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Farmers attempting to reach their fields in Deir Istiya turned back by settlers

International Women’s Peace Service

20 March 2009

IWPS was asked to accompany around 20 farmers, including children, from Deir Istiya to their fields in Wadi Qana. The only road leading to their fields passes from the illegal Israeli settlement of Yaqir, which is also illegal according to Israeli law. The farmers were planning on preparing the ground to plant olive trees which would be partly funded by PARC the Palestinian Agricultural Council. The farmers were in contact with both the Palestinians DCL and Israeli DCO who both gave their consent and approval for the farmers to go to their fields.

When the villagers arrived at the entrance of the Yaqir settlement a settler immediately came towards the farmers and asked them to go back. The farmers told him that they wanted to work in their fields. The settler was joined by three other settlers. They were very aggressive and shouted at the farmers telling them that the road was an Israeli only road and that no Palestinian could be there. One army jeep arrived on site and after asking one farmer to put up his t-shirt and jumper they asked the farmers for why they where there.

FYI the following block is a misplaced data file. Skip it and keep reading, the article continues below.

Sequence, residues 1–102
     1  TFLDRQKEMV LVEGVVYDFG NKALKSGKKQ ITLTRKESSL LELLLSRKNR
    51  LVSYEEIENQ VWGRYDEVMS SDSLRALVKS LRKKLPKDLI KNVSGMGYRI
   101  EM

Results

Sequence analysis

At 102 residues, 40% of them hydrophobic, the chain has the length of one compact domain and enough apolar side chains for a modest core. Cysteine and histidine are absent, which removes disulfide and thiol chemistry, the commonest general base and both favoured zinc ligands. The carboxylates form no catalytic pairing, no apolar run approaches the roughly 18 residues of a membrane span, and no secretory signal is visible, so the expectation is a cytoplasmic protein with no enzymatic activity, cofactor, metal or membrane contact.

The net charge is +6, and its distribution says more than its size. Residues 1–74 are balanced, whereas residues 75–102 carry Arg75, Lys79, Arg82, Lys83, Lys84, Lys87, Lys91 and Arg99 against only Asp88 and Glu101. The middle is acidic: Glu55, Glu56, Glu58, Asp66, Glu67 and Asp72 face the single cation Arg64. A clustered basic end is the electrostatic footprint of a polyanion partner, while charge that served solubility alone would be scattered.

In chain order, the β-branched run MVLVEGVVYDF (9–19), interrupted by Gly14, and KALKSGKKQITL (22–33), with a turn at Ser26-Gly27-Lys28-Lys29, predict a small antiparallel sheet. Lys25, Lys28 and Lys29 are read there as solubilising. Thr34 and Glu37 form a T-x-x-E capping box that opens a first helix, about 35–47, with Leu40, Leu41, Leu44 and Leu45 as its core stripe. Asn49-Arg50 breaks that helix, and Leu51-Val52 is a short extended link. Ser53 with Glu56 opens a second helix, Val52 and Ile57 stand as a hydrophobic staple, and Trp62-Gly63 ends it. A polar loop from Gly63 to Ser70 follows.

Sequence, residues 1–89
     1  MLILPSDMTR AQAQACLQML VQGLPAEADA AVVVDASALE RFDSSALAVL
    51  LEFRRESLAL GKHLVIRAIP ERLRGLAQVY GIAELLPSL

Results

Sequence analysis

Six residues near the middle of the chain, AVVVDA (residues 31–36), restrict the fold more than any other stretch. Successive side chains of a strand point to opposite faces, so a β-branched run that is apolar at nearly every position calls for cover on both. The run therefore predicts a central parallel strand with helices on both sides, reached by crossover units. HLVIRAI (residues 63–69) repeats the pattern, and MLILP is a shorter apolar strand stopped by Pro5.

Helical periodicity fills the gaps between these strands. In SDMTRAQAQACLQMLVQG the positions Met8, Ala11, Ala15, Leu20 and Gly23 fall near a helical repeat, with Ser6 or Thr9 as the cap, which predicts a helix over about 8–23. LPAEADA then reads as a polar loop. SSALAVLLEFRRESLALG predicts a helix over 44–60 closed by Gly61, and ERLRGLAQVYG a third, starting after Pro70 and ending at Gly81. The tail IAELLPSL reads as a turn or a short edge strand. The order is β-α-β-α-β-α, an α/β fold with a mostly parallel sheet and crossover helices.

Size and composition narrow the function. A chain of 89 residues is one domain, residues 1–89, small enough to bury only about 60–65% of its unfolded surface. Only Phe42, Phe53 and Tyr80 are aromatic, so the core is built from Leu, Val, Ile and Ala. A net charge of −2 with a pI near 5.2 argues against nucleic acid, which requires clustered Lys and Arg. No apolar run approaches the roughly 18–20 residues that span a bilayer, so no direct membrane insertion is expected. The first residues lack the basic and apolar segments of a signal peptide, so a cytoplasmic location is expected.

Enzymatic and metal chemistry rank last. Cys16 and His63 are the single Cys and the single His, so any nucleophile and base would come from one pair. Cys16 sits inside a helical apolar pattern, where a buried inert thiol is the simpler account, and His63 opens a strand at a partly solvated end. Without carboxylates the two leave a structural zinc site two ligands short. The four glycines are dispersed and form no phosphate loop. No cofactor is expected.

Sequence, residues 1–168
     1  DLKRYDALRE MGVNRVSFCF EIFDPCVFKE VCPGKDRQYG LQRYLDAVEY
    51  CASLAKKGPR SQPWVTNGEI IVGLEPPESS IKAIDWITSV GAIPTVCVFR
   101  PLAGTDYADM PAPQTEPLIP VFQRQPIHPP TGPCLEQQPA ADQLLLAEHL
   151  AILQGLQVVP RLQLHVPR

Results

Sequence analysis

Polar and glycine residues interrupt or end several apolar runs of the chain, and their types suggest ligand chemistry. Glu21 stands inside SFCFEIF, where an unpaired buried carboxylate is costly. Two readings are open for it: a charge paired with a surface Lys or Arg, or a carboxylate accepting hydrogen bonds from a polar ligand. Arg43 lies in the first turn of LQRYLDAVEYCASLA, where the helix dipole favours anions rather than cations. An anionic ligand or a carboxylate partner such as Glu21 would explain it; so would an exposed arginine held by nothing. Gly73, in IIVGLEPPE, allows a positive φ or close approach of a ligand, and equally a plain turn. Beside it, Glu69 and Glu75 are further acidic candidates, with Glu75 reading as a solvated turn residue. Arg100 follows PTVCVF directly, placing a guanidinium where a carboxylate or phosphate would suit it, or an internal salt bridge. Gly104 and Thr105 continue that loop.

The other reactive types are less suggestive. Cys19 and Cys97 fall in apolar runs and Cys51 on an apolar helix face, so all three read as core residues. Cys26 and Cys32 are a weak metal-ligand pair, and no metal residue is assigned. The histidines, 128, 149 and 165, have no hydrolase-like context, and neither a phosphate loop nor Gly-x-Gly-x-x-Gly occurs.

Another jeep with four other soldiers and a police car with four police officers also arrived on site. The farmers explained that they had permission from the Israeli DCO to go to their fields to which the Police said that he would not let us go to their fields regardless of what the Israeli DCO had said. The farmer phoned the Palestinian DCL , who had been communicating with their Israeli DCO, and asked the police to talk to him over the phone. The police arrogantly refused to talk to the Palestinian DCL. A few minutes later the Palestinian DCL came in person and spoke with the soldiers. Finally, the Israeli DCO together with Yasser Hamed, the Palestinian General Manager of Civil Affairs for Sulfit promised to meet together this Sunday and find a sustainable solution to this problem. A soldier excused himself with an IWPS volunteer for not being able to allow the farmers to go to their lands.

Former attempts to reach their fields ended always in being heavily attacked by the settlers. The fields consist of 7000 dunams and they belong to several families who in all number more than 200 people.